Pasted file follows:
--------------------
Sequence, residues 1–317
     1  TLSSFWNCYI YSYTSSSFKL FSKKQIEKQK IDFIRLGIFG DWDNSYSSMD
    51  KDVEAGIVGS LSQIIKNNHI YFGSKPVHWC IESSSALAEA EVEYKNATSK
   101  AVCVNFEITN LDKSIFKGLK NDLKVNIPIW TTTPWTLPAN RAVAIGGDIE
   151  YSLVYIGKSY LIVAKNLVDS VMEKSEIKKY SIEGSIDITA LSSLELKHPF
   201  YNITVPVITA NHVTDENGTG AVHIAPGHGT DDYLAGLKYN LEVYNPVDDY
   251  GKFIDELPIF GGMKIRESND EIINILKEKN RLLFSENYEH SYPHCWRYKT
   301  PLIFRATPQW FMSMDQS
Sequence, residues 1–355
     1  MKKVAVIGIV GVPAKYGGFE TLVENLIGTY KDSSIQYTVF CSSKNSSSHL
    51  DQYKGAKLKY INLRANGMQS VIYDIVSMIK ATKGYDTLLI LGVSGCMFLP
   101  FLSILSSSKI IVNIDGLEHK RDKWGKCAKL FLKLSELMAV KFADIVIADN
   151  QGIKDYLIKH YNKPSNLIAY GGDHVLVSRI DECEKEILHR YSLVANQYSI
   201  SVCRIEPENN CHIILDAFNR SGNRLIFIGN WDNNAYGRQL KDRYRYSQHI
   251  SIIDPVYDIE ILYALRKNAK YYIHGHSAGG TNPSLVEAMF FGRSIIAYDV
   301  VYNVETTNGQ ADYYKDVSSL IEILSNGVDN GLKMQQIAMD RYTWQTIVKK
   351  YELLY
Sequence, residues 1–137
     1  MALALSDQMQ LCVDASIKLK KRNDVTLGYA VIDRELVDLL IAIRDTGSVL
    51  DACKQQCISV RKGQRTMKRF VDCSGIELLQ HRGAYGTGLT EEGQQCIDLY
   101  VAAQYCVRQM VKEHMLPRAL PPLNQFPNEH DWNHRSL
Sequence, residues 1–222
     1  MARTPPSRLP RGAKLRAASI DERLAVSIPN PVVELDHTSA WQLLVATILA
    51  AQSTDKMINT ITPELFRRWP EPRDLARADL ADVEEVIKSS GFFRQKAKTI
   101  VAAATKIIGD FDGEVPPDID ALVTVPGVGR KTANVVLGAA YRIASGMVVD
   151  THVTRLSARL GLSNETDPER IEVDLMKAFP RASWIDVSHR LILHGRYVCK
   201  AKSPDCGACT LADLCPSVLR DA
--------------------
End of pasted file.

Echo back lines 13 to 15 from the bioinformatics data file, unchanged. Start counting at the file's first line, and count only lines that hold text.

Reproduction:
   151  QGIKDYLIKH YNKPSNLIAY GGDHVLVSRI DECEKEILHR YSLVANQYSI
   201  SVCRIEPENN CHIILDAFNR SGNRLIFIGN WDNNAYGRQL KDRYRYSQHI
   251  SIIDPVYDIE ILYALRKNAK YYIHGHSAGG TNPSLVEAMF FGRSIIAYDV